TRP is currently known for being the disc brake of choice used by Aaron Gwin, a testimony to TRP. A rider of his level riding the product reflects considerably on the performance, so when an opportunity to try the TRP Slate T4 disc brakes presented itself I was looking forward to it.
TRP brakes have been showing up in the showrooms of bike shops all over the place, with a heavy spec on cross and gravel bikes. The brand isn’t exactly new to the braking game, having been around for over 20 years. Long timers may be more familiar with the parent company Tektro.
Tekro product has traditionally been a price based OEM line. TRP (short for Tekro Racing Products) on the other hand, is focused on high performance, though the line continues the tradition of high value for the dollar.
During my stint as a shop mechanic, I’d set up hundreds of Tektro brakes. I can’t say I ever was interested in running a pair on my personal bike, but the Slate doesn’t resemble the mass produced lower end models in both look or performance. The TRP brake is a different beast altogether.
The Slate T4 brake features a 4 piston forged caliper designed for power and modulation.
Many of the design element appear inspired by Shimano XTR including the dimples on the lever. It is even Shimano I-Spec compatible. Designed for XC, trail and all around riding, the Slate T4 is as light as two piston models but features 4 pistons worth of stopping power.
- Four piston forged caliper
- Reach adjust with 2mm allen
- Top loading semi-metallic pads
- Available in black or canyon silver
- Adjustable banjo fitting for optimal hose routing
- Split hinged handlebar clamp
- I-Spec compatible
- Ergonomic dimpled alloy lever
- Weight: 270g (front)
On the trail
I found installing the TRP brakes a simple, as they’re similar to Shimano models which I’m already quite familiar with. The hoses come quite long so they do require a bit of trimming. As you can see on our initial test rig, a Kona Raijin 29″ hardtail, I keep hoses long in order retain the option of swapping them between various test bikes.
How do they work? Set up on the bike, the Slate has a feel at the lever more inline with SRAM brakes than Shimano XT. That said, it is a bit of a trade off as the Slate offers more modulation than the Shimano brakes of old but don’t match them in terms of pure stopping power. Pushing two additional pistons takes more force at the lever, and the consensus was to run bigger rotors to dial in the brakes with the proper stopping power. Once paired with larger rotors the Slate comes into its own, with adequate stopping power but maintaining modulation without a dramatic on-off feel.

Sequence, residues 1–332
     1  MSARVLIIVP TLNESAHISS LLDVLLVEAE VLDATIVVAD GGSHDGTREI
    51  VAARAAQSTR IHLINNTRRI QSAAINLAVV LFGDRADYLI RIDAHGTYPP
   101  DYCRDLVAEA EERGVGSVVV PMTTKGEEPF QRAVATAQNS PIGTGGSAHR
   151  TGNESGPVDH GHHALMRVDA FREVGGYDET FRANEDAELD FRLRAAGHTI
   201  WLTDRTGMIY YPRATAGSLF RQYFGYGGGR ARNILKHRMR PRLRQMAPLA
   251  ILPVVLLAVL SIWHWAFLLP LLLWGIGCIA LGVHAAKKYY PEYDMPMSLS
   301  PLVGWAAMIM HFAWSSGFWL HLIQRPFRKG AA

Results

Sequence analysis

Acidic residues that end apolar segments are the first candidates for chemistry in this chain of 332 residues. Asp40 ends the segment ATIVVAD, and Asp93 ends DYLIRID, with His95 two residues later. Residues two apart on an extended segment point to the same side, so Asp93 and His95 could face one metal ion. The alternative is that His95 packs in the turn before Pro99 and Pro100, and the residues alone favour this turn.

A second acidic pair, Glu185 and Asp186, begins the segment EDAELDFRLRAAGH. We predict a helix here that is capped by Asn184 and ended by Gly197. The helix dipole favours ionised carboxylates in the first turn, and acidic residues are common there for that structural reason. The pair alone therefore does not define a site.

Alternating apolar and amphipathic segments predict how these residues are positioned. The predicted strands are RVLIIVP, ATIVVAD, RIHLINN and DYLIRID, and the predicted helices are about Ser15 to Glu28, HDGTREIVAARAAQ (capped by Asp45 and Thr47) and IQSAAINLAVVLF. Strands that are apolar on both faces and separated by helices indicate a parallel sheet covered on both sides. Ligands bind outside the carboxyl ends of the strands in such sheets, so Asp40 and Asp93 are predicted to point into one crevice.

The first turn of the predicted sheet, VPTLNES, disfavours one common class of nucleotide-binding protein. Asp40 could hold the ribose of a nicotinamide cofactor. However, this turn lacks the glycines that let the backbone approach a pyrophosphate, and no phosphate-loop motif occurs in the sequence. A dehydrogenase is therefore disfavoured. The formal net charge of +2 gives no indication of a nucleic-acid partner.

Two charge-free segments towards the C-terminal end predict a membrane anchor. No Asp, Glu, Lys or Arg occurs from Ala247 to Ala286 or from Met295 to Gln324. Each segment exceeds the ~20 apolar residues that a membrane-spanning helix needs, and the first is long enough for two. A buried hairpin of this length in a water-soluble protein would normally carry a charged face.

It comes down to personal preference, as I recently enjoyed a fun ride on a borrowed cross bike equipped with TRP Hylex (hydraulic road specific caliper) and thought the two piston Hylex felt amazing and had more than ample stopping juice. Of course, that was with 40c tires, so we’re talking apples and oranges in terms of setup.
Who’s it for
I’ve spent the last several seasons on Shimano brakes, and being familiar with the ins and outs of Shimano brakes, working on the TRP Slate was intuitive, with similar features and adjustments. The consensus amongst our crew was the T4 was best paired with 7″ and 8″ rotors for the best combination of “stop” and modulation. We didn’t find them to be quite strong enough for DH bike use, but suitable for budget minded riders running heavier builds that often find themselves over braking or locking their wheels.
My favorite aspect of the T4? The drilled and dimpled lever blade, which has a great feel. Swaps between bikes has been simple as well, with the split-hinge clamp facilitating installation and removal.
At $120 a brake, the Slate represents a good value, especially considering each brake includes it’s own bleed kit. (Its $15 if you purchase one separately.) While rotors aren’t included, the basic rotor sells for $30 with the lighter, two piece rotor running $50. Our test set included standard rotors, which felt on the heavy side of the spectrum. Like the rest of the TRP line, the compatibility with Shimano products makes it easy to find parts and mix and match. My test brakes worked just fine with the Shimano compatible rotors I already had set up, which I stuck with as they were lighter than the less expensive, stamped rotors.
Who’s it for? If you’re already familiar with the Shimano system running mineral oil (over the more toxic dot fluid) looking for a value packed brake with SRAM-like modulation, check them out.
Learn more at TRPbrakes.com